Why has there been such a long gap?

Po­lit­i­cal and tech­no­log­i­cal fac­tors have de­layed our re­turn to the Moon

Sky at Night Magazine - - FIELD OF VIEW -

Space sta­tions and ro­botic sci­ence mis­sions have been the main fo­cus of space exploratio­n since the Apollo mis­sions ended in 1972. Since then, hu­man trips to space have been limited to low-Earth or­bit. Without the po­lit­i­cal agenda of the Space Race, gov­ern­ments weren’t in­ter­ested in fund­ing a space pro­gramme. And in a way, we needed to wait for the rise of com­mer­cial space, for launch costs to de­crease, for new in­no­va­tions to emerge such as faster pro­to­typ­ing, the ad­vances in ad­di­tive man­u­fac­tur­ing, ar­ti­fi­cial in­tel­li­gence and robotics – all these tech­nolo­gies can be adapted for ap­pli­ca­tions on the lu­nar sur­face.

With the emer­gence of China and In­dia and com­mer­cial space com­pa­nies that weren’t around 50 years ago, per­haps it forced the US and the other more prom­i­nent space agen­cies to rally to­gether and re­alise that it was time to go back. It was time to re­turn to the Moon to­gether, not just for ‘foot­prints and flags’, but to live and ex­plore. And to be­gin the per­ma­nent pres­ence out into the ex­panse of space, and be­yond the cradle of Earth.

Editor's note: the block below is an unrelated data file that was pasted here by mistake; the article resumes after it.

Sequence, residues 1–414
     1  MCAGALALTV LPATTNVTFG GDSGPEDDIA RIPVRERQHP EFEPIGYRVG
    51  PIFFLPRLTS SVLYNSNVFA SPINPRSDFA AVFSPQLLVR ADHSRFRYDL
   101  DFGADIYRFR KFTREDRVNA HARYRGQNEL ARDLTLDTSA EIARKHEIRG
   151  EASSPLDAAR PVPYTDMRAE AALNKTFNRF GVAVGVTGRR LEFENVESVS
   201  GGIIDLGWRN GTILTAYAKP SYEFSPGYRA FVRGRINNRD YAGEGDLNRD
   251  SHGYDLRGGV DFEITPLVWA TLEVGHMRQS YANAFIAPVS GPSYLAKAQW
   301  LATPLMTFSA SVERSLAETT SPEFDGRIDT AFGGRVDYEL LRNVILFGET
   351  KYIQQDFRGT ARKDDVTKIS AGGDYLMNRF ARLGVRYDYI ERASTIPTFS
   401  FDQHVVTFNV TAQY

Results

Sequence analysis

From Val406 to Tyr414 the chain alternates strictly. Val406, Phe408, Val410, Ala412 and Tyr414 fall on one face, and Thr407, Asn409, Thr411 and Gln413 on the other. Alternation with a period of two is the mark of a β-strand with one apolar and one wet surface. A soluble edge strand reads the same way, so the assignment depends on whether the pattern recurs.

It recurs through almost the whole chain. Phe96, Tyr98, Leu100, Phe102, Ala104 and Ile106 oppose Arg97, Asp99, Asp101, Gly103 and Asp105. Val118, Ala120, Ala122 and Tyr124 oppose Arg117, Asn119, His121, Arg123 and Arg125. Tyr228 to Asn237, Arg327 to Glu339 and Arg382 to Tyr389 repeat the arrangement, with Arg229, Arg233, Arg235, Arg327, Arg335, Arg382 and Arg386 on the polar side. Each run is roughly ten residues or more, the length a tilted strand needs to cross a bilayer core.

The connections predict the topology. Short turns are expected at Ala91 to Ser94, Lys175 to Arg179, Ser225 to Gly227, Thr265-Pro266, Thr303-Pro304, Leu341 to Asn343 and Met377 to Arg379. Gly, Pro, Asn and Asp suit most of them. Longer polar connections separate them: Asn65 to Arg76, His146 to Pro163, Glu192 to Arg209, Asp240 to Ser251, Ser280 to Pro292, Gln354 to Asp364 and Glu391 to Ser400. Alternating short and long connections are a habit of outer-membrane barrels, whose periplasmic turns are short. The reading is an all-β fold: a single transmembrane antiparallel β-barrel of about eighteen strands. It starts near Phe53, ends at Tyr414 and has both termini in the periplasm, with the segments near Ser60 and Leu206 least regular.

▲ The crew mod­ule for SpaceX Demo-1 mis­sion. The com­mer­cial sec­tor is play­ing a large part in our re­turn to the Moon

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